(Reuters) – A $117 million settlement has been reached with former PG&E Corp executives and directors. who were charged in a lax public service safety oversight lawsuit ahead of the 2017 North Bay and 2018 Camp fires, two of California’s most destructive wildfires. .
The settlement was announced Thursday by the PG&E Fire Victim Trust, which compensates victims of fires that Pacific Gas & Electric’s parent company started between 2015 and 2018.
Frank Pitre, an attorney for the trust, said in a statement that the settlement was one of the largest of its kind and that the money would be used to pay the “vast majority” of claims held by federal agencies that have helped fight the fires.
PG&E awarded the trust the right to pursue claims against officers and directors when the utility emerged from Chapter 11 bankruptcy in 2020.
More than 48,800 fire victims have already received $4.91 billion in payments. Insurers often cover the settlement indemnities of corporate officers and directors.
In a statement, PG&E called the settlement a “step forward” in its efforts to resolve issues that predated its January 2019 bankruptcy.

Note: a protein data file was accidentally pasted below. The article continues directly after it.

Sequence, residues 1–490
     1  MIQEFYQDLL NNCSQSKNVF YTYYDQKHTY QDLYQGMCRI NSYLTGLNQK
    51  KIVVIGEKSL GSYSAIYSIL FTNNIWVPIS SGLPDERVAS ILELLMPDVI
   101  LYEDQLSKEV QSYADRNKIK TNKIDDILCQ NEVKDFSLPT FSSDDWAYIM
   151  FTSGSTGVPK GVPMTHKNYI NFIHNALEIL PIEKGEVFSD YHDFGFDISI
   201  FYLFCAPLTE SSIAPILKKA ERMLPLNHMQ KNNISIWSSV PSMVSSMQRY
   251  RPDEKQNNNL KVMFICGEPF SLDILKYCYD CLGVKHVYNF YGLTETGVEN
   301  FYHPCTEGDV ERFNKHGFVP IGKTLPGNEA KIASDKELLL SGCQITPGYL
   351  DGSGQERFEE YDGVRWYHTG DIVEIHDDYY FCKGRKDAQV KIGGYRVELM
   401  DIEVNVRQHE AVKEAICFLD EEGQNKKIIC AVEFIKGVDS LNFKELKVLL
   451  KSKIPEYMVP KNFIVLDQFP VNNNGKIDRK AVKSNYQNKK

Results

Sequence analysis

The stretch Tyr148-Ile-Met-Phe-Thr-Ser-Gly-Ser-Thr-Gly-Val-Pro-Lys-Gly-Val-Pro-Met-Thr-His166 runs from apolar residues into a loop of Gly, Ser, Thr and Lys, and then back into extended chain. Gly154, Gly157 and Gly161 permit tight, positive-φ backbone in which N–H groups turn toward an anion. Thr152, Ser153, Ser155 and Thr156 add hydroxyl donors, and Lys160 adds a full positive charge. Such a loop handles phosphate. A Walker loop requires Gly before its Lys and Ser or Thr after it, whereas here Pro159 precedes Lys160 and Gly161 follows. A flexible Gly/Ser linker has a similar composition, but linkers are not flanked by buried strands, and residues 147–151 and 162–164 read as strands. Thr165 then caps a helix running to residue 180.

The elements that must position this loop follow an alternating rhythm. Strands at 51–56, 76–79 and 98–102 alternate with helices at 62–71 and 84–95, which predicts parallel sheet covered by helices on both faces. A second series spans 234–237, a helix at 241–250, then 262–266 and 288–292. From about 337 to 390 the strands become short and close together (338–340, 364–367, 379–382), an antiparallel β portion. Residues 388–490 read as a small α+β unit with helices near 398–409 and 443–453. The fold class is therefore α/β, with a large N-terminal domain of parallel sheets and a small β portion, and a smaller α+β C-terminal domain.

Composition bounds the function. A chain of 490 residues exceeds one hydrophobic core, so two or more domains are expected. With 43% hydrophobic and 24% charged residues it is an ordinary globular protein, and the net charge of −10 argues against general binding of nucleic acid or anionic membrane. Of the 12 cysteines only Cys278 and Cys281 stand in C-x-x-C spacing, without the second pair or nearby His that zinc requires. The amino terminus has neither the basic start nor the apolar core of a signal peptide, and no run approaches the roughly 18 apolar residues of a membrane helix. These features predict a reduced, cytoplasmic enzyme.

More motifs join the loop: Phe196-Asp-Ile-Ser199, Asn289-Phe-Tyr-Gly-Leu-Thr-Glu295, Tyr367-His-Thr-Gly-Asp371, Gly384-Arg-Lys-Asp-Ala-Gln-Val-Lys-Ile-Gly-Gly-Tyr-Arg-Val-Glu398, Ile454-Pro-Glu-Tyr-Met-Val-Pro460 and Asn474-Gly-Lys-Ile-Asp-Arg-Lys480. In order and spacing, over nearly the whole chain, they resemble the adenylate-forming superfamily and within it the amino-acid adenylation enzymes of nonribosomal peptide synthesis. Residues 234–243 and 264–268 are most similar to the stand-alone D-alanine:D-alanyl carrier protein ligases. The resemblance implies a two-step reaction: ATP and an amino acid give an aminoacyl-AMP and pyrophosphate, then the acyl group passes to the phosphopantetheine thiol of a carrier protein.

The North Bay Fires, sometimes called the Wine Country Fires, erupted in October 2017 in Napa, Sonoma and neighboring counties. They caused at least 44 deaths, burned more than 245,000 acres, and damaged or destroyed numerous wineries.
Thirteen months later, the Upstate Camp Fire killed 85 people, burned more than 153,000 acres, and destroyed most of Paradise, California, a town of about 26,000 people. It remains the state’s deadliest and most destructive wildfire.
The trust said the North Bay fires could have been avoided if PG&E had cut the power sooner, while the camp fire was caused by PG&E’s failure to inspect and maintain its aging equipment and infrastructure. .
Pitre said the bankruptcy court requires certain settlements to be used to satisfy claims by federal agencies.